The Delhi workshop defined drainage as “the removable of unwanted water from human settlement.” Such unwanted water can include storm runoff and flood water from seasonal rains, marsh or pond water in low lying areas, and the used domestic water (sullage) of the community. All these constituents have a potential impact on health and well-being (WHO, 1991). A comprehensive drainage study requires topographic, hydro-meteorological (rainfall and evaporation) and hydrometric (discharge and water level) data. The topographic data is also important to develop layouts and estimation of earthwork for the proposed road and drainage channel.

Waste water

Waste water is the liquid waste conveyed by a sewer and may include domestic and industrial discharges as well as storm sewage, infiltration and inflow.

 Domestic sewage

Domestic (sanitary) sewage is the liquid waste which originates in the sanitary conveys water closets (WC), urinals, baths, sinks etc. of dwellings, commercial or industrial facilities and institution. This is some time also referred to as black water.

Sullage

Sullage is the liquid discharge from kitchen, wash basins etc and exclude discharge from WCs and urinals. Sullage also known as grave water is less foul then domestic sewage and can be discharged through open surface drain in unsewared areas.

Strom water and storm water runoff

Strom water is the surface runoff obtains during and immediately after the rainfall, which enters sewage through inlets. Strom water is not as foul as sanitary or industrial sewage and hence can be carried through open drains or cannels and disposed of in natural rivers or streams without any treatment.

 Infiltration

Infiltration is the water which enters the sewers from the ground through leaks or faulty joints.

Need of Drainage

Drainage systems are needed in developed urban areas because of the interaction between human activity and the natural water cycle. This interaction has two main forms: the abstraction of water from the natural cycle to provide a water supply for human life and the covering of land with impermeable surfaces that divert rainwater away from the local natural system of drainage.

 The first type, wastewater, is water that has been supplied to support life, maintain a standard of living and satisfy the needs of industry. After neither use, if not drained properly, it could cause pollution and create health risks. Wastewater contains dissolved material, fine solids and larger solids, originating from WCs, from washing of various sorts, from industry and from other water uses.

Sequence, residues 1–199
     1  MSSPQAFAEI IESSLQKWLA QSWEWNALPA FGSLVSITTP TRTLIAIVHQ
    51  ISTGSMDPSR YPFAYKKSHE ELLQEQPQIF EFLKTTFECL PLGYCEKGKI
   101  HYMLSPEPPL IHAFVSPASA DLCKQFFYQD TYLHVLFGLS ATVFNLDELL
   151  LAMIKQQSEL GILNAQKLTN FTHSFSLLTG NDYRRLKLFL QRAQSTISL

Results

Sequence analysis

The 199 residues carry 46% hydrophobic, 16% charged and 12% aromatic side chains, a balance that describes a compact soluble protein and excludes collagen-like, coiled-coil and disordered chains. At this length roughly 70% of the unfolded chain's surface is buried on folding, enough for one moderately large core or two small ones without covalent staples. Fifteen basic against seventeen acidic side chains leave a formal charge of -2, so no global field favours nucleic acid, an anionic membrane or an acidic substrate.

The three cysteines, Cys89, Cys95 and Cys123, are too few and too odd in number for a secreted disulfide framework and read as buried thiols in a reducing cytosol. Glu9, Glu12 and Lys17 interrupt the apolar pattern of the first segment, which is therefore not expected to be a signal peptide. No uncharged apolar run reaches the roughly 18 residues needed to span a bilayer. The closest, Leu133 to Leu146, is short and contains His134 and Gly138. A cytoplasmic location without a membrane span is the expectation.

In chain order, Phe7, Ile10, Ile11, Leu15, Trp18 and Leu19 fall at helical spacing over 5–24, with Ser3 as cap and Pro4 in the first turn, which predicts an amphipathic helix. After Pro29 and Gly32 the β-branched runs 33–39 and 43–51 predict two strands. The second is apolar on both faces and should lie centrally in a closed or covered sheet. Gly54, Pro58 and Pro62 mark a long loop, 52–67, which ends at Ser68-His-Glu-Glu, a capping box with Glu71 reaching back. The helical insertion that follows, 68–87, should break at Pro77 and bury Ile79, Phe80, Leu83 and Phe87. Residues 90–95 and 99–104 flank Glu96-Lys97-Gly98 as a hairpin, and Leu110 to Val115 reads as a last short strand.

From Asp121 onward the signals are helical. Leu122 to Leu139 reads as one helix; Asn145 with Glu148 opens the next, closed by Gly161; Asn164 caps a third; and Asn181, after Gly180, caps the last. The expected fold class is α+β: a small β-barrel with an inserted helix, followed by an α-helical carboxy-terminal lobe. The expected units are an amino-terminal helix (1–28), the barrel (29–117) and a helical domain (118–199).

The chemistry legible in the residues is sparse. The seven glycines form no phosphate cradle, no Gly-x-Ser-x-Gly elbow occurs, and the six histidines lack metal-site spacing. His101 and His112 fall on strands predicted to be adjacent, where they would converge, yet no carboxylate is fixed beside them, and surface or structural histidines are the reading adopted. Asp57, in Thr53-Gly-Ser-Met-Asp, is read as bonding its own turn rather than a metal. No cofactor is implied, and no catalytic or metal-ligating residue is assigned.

The second type of water requiring drainage, storm water, is rainwater (or water resulting from any form of precipitation) that has fallen on a built-up area. If storm water were not drained properly, it would cause inconvenience, drainage, flooding and further health risks. It contains some pollutants, originating from rain, the air or the catchments surface.

Need of Drainage in Urban area

 When rainfalls on to undeveloped land, most of the water will soak into the topsoil and slowly migrate through the soil to the nearest watercourses or groundwater. A small proportion of the rainfall – usually 15 to 20 percent – becomes direct surface runoff that usually drains into watercourses slowly because the ground surface is rough (because of vegetation). This means that the effects of rainfall are spread out over a period of several hours. Even short, heavy storms may have little on flow rates in the receiving waters because much of rainwater may be absorbed into the ground. When catchments are developed, the proportion of the land covered by impervious surface (roads, parking areas, roofs, driveways) will increase, preventing the natural infiltration of rainfall into the ground. In developed catchments, direct runoff can increase to more than 80 percent of the rainfall volume. At the same time, because paved surfaces may be less rough than natural surfaces, water may travel over them faster and as a result runoff will reach the receiving watercourses more quickly. The flow rates in the receiving waters are therefore much more sensitive to rainfall intensity and volume than those in undeveloped catchments.

Volume and rates of runoff both increase significantly after development. Peak flow rates can increase by a factor of up to ten, which means that streams and rivers have to cope with larger and often sudden runoff flows. It also means that drainage is needed to reduce flood risk within the developed areas.

Considerations for storm, sullage and wastewater drainage

During rain the fields become wet. The water infiltrates into the soil and is stored in its pores. When all the pores are filled with water, the soil is said to be saturated and no more water can be absorbed. The remaining water flow overland (overland flow) towards the main stream channel and is called the surface run-off. The storm drainage designed primarily concerns this surface runoff. The primary objective of this drainage system designed is to drain out this storm water either through open surface drains or through underground sewers. An important parameter for the design of storm water system is the rate and volume of runoff to be conveyed through the system as a consequence of storms. Runoff estimates are carried out based on knowledge of the occurrences of heavy rain storms and a relation between rainfall and the corresponding runoff. The quantity of runoff depends on the geometry and physical properties of the catchments. Rainfall occurs at irregular intervals and intensities and frequencies and duration vary within catchments. Due to this random nature of occurrence of rain events, the storm drainage system is designed considering estimated runoff based on the analysis of past rainfall records.